How is it dangerous nearly as much to moderates as to liberals? After all, a bona fide moderate is someone who agrees with conservatives about half the time. Let's keep it real here: Dionne is conflating moderates and liberals in his quest against a solidly conservative nominee.

So rolling back statist encroachment in our affairs - to a smaller government and federalism, per the U.S. Constsitution -constitutes "conservative judicial activism"? While I certainly agree that conservative judicial activism and overreach exists (and I'd like to see another moderate-conservative replace O'Connor), it is not in this arena where it exists. And contrary to Dionne's ridiculous claim, liberal judicial activism still exists as well.

 
At 3:24 PM, Blogger AubreyJ said...

Safe holiday to you and yours Alan and Joe. See Ya in the Blogs.........

 
At 7:04 PM, Anonymous Anonymous said...

There will, no doubt, be determined efforts from both ends of the political spectrum to classify any nominee as "with us" or "against us." Most of them will be nonsense -- a reflection of the world-view of the authors rather than of the prospective Justice. Not to mention that Supreme Court justices are unpredictable, even before their views evolve over time.

Certainly Bush will not nominate a flaming liberal (and probably couldn't get him thru the Senate if he did). But what will the nominee actually do on the bench? And how will it play out in the nation?

Merely outraging the most liberal will not prove that there is a problem. On the other hand, someone who purely delights the most reactionary will probably be a signal for a political backlash -- if I was a Republican legislature with any but the most secure safe seat, I'd be real nervous about the next election.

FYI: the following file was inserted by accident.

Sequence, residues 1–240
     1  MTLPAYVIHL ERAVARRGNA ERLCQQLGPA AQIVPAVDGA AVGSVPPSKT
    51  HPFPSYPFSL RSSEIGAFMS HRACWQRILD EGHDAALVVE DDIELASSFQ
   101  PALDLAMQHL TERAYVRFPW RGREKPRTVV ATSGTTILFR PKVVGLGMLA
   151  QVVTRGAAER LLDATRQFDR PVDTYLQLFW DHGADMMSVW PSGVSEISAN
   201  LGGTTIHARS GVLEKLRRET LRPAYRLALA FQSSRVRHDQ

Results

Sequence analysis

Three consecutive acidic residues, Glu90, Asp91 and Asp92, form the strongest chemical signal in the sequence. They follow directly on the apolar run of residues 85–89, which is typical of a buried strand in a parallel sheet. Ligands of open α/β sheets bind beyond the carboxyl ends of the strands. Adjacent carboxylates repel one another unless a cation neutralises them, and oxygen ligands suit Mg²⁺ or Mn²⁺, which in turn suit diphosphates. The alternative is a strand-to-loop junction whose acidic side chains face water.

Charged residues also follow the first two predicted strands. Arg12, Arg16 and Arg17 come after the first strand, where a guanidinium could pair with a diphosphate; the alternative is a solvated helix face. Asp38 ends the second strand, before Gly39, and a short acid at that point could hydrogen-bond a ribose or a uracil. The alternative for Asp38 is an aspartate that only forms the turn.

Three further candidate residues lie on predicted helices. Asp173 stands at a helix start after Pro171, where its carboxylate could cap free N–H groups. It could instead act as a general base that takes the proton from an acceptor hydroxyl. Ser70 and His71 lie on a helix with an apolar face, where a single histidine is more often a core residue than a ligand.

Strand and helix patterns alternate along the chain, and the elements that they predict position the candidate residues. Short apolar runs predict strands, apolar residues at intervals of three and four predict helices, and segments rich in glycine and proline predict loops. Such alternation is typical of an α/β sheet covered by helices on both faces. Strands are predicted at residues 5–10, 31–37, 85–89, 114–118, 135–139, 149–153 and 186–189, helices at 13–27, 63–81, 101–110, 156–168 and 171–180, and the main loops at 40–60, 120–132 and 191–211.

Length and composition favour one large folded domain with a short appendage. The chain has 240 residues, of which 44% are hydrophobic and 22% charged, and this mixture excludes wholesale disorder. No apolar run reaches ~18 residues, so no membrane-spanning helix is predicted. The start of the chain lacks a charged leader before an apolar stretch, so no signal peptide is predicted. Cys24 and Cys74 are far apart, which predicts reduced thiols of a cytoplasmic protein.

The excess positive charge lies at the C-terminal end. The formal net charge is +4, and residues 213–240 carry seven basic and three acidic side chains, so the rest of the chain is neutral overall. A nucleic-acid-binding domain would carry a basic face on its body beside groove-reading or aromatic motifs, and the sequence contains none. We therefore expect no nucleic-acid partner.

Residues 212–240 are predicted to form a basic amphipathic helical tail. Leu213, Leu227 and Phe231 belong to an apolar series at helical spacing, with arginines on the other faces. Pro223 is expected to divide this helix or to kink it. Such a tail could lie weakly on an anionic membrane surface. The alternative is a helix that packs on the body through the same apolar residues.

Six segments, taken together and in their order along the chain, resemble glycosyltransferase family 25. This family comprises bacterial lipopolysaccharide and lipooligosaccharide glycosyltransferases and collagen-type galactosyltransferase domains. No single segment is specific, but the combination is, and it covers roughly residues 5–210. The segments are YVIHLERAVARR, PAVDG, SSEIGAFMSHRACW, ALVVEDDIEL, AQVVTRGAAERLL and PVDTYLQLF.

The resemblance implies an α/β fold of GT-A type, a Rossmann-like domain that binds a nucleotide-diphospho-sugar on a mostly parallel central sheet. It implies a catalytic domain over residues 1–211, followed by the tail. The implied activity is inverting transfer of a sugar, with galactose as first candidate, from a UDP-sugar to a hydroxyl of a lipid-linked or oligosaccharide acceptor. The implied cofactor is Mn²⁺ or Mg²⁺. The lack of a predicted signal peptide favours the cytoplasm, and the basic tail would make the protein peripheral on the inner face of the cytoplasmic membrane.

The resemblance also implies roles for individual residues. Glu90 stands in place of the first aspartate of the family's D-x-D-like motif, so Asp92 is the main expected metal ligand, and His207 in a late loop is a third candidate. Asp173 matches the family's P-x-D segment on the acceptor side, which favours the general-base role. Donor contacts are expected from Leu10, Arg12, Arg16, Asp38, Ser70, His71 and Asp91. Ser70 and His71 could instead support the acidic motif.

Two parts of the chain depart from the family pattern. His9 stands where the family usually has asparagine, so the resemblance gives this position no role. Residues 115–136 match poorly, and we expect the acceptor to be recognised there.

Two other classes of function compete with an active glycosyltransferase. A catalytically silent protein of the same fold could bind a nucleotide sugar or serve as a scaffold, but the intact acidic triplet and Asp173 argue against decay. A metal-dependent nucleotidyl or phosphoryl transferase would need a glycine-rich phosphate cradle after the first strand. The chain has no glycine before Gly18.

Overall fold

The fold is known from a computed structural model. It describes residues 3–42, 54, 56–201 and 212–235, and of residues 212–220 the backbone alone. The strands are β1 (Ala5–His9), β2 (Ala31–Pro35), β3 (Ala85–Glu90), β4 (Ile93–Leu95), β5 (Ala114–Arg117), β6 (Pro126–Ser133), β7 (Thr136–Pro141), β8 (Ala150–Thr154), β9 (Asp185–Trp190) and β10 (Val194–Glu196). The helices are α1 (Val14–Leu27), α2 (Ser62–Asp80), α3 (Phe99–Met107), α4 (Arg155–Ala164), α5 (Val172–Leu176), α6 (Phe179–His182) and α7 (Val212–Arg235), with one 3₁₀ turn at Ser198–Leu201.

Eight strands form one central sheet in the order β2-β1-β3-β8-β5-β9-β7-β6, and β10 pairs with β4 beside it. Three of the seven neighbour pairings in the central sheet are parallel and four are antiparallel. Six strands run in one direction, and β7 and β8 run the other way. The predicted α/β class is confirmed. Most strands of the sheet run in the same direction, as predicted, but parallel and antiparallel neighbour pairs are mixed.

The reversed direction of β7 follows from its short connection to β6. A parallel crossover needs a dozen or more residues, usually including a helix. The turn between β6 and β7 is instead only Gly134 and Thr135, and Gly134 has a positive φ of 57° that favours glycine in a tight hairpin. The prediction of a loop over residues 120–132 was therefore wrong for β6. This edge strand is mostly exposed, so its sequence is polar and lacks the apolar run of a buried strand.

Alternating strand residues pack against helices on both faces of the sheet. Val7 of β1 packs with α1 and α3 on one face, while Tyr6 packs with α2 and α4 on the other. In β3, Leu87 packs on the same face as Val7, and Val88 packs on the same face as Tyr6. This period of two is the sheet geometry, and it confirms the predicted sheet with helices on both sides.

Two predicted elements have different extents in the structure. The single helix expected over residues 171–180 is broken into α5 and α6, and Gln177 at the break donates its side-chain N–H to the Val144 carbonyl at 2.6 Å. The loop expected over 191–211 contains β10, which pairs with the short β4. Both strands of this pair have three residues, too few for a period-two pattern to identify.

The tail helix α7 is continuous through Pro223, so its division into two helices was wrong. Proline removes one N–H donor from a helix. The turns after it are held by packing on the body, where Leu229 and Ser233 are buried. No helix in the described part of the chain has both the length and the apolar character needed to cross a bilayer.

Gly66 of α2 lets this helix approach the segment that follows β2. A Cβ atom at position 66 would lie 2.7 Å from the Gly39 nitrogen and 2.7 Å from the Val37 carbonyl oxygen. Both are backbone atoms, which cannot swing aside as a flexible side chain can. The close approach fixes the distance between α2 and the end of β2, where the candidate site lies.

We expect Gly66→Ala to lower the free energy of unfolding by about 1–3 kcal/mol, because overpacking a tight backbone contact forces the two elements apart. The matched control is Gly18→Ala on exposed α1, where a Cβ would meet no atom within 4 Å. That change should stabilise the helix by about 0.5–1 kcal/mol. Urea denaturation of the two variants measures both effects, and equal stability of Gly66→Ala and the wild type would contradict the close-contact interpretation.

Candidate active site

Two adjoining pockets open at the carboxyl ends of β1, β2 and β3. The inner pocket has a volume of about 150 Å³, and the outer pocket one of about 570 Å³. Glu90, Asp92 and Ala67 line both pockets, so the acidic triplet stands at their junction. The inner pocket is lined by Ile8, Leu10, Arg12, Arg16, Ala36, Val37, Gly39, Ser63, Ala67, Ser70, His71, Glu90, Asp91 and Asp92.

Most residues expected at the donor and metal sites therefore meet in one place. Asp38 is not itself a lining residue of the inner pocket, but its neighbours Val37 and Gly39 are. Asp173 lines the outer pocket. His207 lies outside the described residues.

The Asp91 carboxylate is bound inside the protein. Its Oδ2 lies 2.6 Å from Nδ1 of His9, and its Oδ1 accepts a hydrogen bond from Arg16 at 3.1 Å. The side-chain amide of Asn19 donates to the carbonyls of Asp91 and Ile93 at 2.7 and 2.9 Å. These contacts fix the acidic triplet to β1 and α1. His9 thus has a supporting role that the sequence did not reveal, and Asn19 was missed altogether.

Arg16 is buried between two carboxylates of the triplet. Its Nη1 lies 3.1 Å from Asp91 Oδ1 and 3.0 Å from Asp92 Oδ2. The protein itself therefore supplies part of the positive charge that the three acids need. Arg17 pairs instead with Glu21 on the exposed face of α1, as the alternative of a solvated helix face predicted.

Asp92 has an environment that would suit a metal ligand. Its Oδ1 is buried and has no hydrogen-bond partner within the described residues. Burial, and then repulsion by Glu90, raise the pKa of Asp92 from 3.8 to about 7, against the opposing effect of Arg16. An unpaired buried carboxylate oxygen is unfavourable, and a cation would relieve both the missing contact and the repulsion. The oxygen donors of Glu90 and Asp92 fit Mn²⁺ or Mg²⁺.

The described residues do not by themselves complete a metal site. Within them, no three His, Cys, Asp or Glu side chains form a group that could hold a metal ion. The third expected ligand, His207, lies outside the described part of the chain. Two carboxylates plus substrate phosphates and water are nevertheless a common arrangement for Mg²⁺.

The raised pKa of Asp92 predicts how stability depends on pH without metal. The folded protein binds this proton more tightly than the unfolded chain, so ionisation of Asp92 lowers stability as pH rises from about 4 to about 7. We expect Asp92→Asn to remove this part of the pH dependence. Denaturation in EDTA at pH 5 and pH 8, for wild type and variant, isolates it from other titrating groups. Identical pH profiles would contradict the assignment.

At 10:33 PM, Blogger Sean said...

how can you oppose conservative judicial activism, and want someone like O'Connor to replace her? She was a conservative judicial activist.

but lets remember O'Connor was thought to have been against Roe v Wade before she sat on the court; Kennedy was seen as being as conservative as Bork, just without the baggage.

 
At 3:17 AM, Blogger Sammler said...

O'Connor is being praised from the left, for her concern with "justice" rather than principle. This is apparently what "moderate" means in the case of judges. More here.

 
At 10:59 AM, Blogger Rob Jackson said...

We all also have to remember that the Supreme Court is larger than its individual members. The 9 Justices are not only bound by the Constitution but also by the Court's previous decisions. If individual leanings and personal jurisprudence were all it took to make decisions on the Court, the Court would overturn itself enough not to be credible in the eyes of the public. Since rulings and written opinions from the Court almost always happen out of compromise, it's not surprising that most Justices appear to become more centrist once appointed.

My prediction on who Bush will nominate: Bush will talk about being a uniter, not a divider and will then proceed to nominate Robert Bork. You heard it here first!! :-)